Nick Sheridan

Institute for Advanced Study; Member, School of Mathematics

April 14, 2014

Nick Sheridan

Institute for Advanced Study; Member, School of Mathematics

April 14, 2014

Nick Sheridan

Institute for Advanced Study; Member, School of Mathematics

March 10, 2014

Nick Sheridan

Institute for Advanced Study; Member, School of Mathematics

March 3, 2014

Nick Sheridan

Institute for Advanced Study; Member, School of Mathematics

February 24, 2014

Juan Maldacena

Institute for Advanced Study; Faculty, School of Natural Science

February 20, 2014

Nathan Seiberg

Institute for Advanced Study; Faculty, School of Natural Science

February 20, 2014

Edward Witten

Institute for Advanced Study; Faculty, School of Natural Science

February 20, 2014

Peter Scholze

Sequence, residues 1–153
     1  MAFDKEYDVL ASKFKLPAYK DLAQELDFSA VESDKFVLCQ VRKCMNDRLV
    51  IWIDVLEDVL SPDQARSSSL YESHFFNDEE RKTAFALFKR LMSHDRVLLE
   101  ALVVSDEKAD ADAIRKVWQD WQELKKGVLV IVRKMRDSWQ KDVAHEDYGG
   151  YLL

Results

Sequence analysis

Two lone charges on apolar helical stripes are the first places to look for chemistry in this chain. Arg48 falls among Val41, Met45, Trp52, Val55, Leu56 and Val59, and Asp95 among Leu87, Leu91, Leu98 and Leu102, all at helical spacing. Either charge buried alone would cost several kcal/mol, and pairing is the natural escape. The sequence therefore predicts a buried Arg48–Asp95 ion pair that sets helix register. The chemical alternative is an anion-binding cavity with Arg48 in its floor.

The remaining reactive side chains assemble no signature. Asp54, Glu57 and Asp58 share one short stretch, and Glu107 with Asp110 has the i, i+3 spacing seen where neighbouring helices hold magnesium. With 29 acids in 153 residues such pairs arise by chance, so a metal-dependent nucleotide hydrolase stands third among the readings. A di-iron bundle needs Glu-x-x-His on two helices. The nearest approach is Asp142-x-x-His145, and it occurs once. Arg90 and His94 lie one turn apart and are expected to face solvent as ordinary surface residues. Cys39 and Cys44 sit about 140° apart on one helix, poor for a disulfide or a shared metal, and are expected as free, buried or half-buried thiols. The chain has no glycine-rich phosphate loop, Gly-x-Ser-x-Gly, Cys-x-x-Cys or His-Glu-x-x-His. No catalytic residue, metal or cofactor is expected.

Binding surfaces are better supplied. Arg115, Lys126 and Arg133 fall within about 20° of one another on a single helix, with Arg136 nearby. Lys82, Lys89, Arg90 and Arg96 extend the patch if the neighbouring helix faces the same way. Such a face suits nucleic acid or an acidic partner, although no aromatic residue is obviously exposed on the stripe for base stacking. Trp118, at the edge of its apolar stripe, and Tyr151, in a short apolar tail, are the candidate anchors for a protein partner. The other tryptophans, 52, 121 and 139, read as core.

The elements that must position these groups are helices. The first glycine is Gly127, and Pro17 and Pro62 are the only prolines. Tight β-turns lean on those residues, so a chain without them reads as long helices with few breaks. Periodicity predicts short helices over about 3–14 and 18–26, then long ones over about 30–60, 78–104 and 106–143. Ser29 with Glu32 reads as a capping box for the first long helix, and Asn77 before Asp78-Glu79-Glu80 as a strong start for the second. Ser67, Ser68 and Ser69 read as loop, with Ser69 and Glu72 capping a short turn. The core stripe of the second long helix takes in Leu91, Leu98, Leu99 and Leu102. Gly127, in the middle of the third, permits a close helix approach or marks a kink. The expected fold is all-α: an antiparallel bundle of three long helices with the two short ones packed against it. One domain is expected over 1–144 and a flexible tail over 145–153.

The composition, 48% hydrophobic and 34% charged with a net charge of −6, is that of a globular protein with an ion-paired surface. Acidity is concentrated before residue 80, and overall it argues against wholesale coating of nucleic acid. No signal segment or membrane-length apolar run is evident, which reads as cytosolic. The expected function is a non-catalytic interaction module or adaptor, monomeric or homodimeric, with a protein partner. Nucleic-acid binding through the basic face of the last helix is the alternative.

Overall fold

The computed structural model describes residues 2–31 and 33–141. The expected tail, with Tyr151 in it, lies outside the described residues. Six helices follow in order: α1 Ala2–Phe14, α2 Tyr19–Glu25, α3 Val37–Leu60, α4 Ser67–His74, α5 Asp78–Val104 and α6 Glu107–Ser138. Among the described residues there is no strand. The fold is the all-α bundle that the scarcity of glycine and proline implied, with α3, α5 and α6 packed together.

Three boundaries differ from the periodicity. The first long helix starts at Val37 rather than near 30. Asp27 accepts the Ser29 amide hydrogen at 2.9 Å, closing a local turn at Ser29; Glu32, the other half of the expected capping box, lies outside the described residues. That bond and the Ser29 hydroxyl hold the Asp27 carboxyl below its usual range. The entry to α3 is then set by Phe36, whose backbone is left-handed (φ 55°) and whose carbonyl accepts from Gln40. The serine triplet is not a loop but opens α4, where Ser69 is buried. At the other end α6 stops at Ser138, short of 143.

University of Bonn

February 14, 2014

One of the most studied objects in mathematics is the modular curve, which is the quotient of hyperbolic 2-space by the action of \(\mathrm{SL}_2(\mathbb Z)\). It is naturally the home of modular forms, but it also admits an algebraic structure. The interplay of these structures lies at the heart of the Langlands correspondence for \(\mathrm{GL}_2/\mathbb Q\), connecting modular forms with Galois representations. The natural generalizations of the modular curve to higher dimension are the arithmetic locally symmetric spaces.

Peter Scholze

University of Bonn

February 12, 2014

One of the most studied objects in mathematics is the modular curve, which is the quotient of hyperbolic 2-space by the action of \(\mathrm{SL}_2(\mathbb Z)\). It is naturally the home of modular forms, but it also admits an algebraic structure. The interplay of these structures lies at the heart of the Langlands correspondence for \(\mathrm{GL}_2/\mathbb Q\), connecting modular forms with Galois representations. The natural generalizations of the modular curve to higher dimension are the arithmetic locally symmetric spaces.

Nick Sheridan

Institute for Advanced Study; Member, School of Mathematics

February 10, 2014